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EVGA SuperNOVA 1600 P2 Power Supply Review

EVGA recently introduced its flagship power supply, the SuperNOVA 1600 P2. In addition to monstrous capacity, it also features 80 PLUS Platinum efficiency, promises top performance levels and offers silent operation in semi-passive mode.

Cross-Load Tests And Infrared Images

To generate the following charts, we set our loaders to auto mode through our custom-made software before trying over a thousand possible load combinations with the +12V, 5V and 3.3V rails. The load regulation deviations in each of the charts below were calculated by taking the nominal values of the rails (12V, 5V and 3.3V) as point zero.

+12V Load Regulation Chart

The deviation compared to the nominal value of this rail, which is exactly 12V according to the ATX spec, is within two percent in the worst case.

5V Load Regulation Chart

3.3V Load Regulation Chart

Efficiency Chart

For the most part, this unit's efficiency falls between 90 and 95 percent, which is excellent, given that we have a 1.6kW PSU on the bench that not only has a huge operating range but also increased energy losses compared to lower-capacity units. Despite this fact, Super Flower managed to extend the high-efficiency region from about 200 to around 1550W. For those who have 230V mains, the voltage efficiency is significantly higher, especially at increased loads.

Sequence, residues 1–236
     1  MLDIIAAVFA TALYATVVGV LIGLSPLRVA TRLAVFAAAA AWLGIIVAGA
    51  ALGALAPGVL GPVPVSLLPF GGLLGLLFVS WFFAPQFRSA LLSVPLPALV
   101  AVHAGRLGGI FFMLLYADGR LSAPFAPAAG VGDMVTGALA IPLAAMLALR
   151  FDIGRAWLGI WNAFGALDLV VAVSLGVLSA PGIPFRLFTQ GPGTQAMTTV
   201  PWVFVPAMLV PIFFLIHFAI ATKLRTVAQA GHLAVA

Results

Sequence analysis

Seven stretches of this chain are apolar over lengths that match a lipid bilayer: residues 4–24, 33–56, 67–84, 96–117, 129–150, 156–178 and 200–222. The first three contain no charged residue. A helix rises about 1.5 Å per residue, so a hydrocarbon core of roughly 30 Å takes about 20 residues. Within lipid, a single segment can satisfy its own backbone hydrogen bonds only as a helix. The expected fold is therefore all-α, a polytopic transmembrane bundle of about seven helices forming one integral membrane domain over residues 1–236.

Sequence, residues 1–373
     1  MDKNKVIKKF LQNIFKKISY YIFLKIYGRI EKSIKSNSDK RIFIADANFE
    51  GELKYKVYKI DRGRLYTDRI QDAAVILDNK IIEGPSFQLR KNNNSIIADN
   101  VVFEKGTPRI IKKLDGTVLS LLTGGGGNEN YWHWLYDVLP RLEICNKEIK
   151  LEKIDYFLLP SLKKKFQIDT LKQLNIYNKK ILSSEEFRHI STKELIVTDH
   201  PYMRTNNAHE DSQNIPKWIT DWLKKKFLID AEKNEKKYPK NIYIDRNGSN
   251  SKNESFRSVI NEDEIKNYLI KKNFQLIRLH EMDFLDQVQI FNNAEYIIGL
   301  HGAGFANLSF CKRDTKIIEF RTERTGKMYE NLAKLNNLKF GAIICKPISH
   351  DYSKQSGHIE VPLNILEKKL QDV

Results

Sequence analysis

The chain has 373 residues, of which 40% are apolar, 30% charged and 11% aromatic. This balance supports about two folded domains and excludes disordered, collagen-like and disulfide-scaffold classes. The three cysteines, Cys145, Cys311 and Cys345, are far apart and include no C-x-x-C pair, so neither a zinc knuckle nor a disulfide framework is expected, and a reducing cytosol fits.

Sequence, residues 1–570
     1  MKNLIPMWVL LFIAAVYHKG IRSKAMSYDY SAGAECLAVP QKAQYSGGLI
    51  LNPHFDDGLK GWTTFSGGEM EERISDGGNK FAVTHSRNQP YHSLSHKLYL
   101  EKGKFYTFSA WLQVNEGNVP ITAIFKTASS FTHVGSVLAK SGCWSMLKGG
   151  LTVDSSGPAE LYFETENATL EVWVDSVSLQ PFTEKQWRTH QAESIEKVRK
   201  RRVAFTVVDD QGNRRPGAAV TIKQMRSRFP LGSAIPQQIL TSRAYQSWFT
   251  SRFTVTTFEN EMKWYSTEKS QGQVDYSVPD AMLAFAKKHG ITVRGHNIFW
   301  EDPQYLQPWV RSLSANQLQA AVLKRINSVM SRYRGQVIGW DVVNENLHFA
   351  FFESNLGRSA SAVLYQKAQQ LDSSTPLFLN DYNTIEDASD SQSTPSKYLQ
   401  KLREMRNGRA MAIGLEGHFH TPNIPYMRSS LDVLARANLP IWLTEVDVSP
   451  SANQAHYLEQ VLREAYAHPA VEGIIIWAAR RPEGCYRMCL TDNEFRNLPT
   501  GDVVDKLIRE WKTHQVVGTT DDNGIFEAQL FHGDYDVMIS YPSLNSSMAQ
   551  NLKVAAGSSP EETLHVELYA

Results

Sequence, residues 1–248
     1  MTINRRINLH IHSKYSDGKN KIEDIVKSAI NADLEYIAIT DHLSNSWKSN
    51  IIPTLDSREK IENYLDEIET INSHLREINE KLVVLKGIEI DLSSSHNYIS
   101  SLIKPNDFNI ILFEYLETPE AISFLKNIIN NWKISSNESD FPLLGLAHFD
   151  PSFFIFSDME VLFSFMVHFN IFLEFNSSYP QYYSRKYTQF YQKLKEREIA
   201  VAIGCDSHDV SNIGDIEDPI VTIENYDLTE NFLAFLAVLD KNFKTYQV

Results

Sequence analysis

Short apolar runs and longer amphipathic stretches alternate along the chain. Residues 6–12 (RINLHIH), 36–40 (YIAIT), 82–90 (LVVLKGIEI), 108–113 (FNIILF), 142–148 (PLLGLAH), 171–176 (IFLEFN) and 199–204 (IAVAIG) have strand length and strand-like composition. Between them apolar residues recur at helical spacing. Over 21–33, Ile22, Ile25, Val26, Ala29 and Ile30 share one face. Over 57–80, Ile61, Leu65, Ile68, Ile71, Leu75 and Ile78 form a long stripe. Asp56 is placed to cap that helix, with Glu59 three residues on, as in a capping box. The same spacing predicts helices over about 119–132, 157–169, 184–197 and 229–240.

+12V Ripple Chart

Ripple suppression on the +12V rail is perfect throughout the PSU's entire operating range.

5V Ripple Chart

We see good ripple suppression on the 5V rail, too, since ripple doesn't exceed 20mV in any case.

3.3V Ripple Chart

At 3.3V, ripple suppression isn't as good as on the rest of the rails. Generally speaking, though, and in comparison with the other PSUs in this category, it is good enough.

5VSB Ripple Chart

Ripple suppression isn't as important at 5VSB. But we still want to see low ripple readings. The 1600 P2 doesn't let us down; this rail stays under 20mV of ripple.

Infrared Images

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During the end of the cross-load tests, we took some photos of the PSU as it was being tested with our modified FLIR E4 camera that delivers 320x240 IR resolution (76,800 pixels).

Even at normal ambient temperature, the supply gets quite hot after many hours of testing at high loads, which was done to generate the above cross-load graphs. The power cord's temperature reached 50 C, because a lot of Amperes were passing through it. The modular cables also exhibited increased temperatures. These temperatures were safe, though, since the cables delivered high power levels for a prolonged period.